For Jan. 27’s Sunday matinee, the War Memorial Opera House was illuminated in red for the opening weekend of San Francisco Ballet’s “Don Quixote.” Slicked and primped attendees were welcomed into the grandiose venue by charming orchestral music as they took their seats in anticipation of the performance.
Composed by Ludwig Minkus, the score to the ballet is performed by a full, live orchestra conducted by Tara Simoncic. The music gave a magical Disneyland feel to the performance and, since the dancers do not speak, increased the dramatic effect of certain scenes and moments.
Inspired by author Miguel de Cervantes’ 17th-century book, this ballet originally premiered in 1869 in Moscow, Russia. In honor of the ballet’s 150th anniversary, SF Ballet’s current production is modeled closely after the original 1869 version choreographed by Marius Petipa.
The afternoon opened with a playful introduction to the characters of Don Quixote (Alexander Reneff-Olson) and Sancho Panza (Diego Cruz) in a library. Although the ballet is named after Quixote’s character, the story mainly follows the forbidden love between Kitri (Dores André), an innkeeper’s daughter, and Basilio (Wei Wang), a barber.
The performance skillfully balanced humor and absurdity with sophistication. Don Quixote’s adventure is a lighthearted journey commenting on chivalry and romance. In the ballet, it does so by mixing the gaiety of love with the elegance of the ballet medium.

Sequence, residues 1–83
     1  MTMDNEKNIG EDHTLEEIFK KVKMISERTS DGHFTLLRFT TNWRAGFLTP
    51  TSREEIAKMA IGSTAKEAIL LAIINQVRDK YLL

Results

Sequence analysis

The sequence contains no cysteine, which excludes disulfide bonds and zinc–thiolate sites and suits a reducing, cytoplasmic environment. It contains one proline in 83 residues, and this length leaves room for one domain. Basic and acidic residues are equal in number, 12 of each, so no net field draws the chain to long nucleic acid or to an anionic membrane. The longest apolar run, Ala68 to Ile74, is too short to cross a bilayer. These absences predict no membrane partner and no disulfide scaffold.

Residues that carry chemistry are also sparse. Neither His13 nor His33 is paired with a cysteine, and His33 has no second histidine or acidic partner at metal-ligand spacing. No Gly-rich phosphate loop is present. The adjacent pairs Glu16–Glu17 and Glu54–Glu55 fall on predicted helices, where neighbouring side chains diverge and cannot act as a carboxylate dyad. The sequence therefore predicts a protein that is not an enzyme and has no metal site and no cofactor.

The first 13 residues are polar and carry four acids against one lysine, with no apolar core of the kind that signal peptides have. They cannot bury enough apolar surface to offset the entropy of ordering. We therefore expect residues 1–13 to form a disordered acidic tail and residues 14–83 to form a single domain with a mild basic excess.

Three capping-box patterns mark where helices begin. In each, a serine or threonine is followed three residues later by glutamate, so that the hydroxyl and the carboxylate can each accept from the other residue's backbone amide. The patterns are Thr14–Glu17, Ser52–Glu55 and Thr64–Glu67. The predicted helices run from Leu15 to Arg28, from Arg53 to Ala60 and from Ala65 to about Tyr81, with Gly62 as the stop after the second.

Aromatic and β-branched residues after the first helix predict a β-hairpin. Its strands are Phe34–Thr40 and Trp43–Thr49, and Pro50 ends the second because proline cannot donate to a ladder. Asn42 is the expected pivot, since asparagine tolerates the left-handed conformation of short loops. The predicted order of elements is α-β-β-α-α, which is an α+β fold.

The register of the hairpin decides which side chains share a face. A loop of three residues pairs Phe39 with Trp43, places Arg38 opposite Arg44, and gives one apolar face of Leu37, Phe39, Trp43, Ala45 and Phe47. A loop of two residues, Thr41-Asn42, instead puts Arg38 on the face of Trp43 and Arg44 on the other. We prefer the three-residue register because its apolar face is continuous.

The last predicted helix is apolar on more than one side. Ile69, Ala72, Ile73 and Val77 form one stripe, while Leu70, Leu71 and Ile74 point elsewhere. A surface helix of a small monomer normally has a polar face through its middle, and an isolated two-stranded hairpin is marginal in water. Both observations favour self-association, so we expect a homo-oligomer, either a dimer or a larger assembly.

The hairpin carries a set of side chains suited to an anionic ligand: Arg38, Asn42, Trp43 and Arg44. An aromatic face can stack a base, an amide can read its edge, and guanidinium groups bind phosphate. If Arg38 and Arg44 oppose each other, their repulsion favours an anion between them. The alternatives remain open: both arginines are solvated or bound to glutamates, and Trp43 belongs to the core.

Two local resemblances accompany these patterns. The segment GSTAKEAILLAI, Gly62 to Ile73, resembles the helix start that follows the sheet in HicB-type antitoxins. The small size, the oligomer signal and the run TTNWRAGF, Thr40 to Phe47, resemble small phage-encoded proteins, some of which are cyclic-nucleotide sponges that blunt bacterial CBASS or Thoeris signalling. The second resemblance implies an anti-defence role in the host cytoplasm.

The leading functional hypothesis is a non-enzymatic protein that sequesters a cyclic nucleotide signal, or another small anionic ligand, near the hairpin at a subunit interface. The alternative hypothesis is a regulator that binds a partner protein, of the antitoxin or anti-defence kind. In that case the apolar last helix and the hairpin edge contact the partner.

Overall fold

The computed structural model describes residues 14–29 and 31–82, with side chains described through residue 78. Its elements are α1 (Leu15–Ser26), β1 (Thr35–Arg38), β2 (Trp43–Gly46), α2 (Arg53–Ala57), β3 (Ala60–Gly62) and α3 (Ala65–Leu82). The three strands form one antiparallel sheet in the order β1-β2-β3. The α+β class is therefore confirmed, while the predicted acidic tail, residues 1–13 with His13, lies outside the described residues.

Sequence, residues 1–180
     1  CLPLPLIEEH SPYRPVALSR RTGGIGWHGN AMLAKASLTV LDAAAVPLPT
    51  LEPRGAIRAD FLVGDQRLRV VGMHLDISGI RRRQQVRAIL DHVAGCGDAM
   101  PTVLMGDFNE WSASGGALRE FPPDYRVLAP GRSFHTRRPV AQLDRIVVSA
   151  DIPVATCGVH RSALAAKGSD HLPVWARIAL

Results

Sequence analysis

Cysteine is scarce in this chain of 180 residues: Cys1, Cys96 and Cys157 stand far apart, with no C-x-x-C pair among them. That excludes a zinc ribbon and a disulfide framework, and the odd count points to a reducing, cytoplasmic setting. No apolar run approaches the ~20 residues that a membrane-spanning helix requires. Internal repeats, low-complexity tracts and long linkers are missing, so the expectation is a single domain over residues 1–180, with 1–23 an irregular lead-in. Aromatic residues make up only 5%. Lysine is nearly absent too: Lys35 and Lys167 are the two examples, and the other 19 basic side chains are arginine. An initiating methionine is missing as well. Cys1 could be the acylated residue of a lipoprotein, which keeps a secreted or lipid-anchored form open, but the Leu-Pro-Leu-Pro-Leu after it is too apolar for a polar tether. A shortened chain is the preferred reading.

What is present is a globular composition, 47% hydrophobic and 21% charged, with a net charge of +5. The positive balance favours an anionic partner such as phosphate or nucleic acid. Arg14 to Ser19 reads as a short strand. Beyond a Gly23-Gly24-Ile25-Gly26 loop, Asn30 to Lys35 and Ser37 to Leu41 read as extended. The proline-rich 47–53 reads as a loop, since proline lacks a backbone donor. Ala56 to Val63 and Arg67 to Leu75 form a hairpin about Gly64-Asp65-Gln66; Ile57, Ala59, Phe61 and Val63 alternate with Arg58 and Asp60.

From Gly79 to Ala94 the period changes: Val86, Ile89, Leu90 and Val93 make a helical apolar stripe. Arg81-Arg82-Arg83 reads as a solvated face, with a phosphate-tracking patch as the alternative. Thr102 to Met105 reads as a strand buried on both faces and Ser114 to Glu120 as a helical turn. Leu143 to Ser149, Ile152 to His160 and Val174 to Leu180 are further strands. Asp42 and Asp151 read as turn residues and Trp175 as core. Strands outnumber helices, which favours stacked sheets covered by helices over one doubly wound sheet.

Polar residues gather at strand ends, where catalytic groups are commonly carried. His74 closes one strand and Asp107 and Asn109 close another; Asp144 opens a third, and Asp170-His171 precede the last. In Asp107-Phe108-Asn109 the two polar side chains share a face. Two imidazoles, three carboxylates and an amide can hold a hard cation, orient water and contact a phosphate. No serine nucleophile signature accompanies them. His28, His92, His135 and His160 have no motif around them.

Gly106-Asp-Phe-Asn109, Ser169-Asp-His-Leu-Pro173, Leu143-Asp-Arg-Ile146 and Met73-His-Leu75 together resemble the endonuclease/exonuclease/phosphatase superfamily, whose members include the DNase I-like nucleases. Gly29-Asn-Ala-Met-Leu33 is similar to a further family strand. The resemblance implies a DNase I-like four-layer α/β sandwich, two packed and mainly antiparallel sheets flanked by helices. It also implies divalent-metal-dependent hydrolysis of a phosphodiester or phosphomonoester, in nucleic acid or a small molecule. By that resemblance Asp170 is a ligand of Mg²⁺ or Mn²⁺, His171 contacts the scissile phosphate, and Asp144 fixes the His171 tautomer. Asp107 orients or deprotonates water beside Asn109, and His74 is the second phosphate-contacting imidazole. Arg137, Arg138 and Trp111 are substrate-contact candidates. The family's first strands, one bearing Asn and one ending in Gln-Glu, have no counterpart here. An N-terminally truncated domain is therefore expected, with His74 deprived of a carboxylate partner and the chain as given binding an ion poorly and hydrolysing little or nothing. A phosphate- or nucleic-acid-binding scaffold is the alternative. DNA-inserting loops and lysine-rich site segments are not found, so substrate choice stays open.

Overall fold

The dancers of the night were full of enthusiasm, showing expressive facial features and fluid, flamboyant movement. Choreographed by Alexander Gorsky, scenes integrated Spanish fans, guitars and toreador capes to spice up the performance.
As Basilio, Wang stood out with his amazing midair turns that elicited gasps from the audience. Wang trained both in China, where he is from, and the United States before he was awarded the position of principal dancer at SF Ballet last year.
André’s performance as Kitri was similarly impeccable, her movements often seeming almost dangerous with how carefully they were constructed. The dancer trained in her home country of Spain before transitioning to SF Ballet.
While the story of “Don Quixote” centers on a celebration of mainly Spanish culture, the mix of dancers onstage reflected a celebration of diversity in the arts. Ranging from Brazil to France, Mexico to Japan, Australia to Argentina, the performers represented their home countries with pride.
Between scenes, luscious red curtains closed to give stagehands a chance to reset backgrounds and prep the next group of dancers — and occasionally to prepare the live horses that were brought onstage. Respecting the fact that the story takes place in Spain (mainly Barcelona) the set design by Martin Pakledinaz and Arnulfo Maldonado was brilliantly colored and structured to resemble this European city.
Since, aside from music and subtle sound effects, the narrative in ballets is expressed solely through movement, the lighting onstage proved to be important for conveying the mood during a scene. This showed especially during Quixote’s dream scene, in which a sea of fairies, or dryads, dance in front of twinkling fairy lights, giving the stage the feel of a Peter Pan movie.
Costume choices by Pakledinaz and Heather Lockard reflect classical Spanish style and feature vibrant color and immaculate detailing — especially on the women’s dresses, which include delicate laces, flowing silhouettes and airy tutus.
The SF Ballet is currently in its 86th repertory season, and its many years of experience showed with this world-class performance. “Don Quixote” is not just a celebration of culture, but of the welcoming environment the arts can provide for people of all backgrounds to share their stories.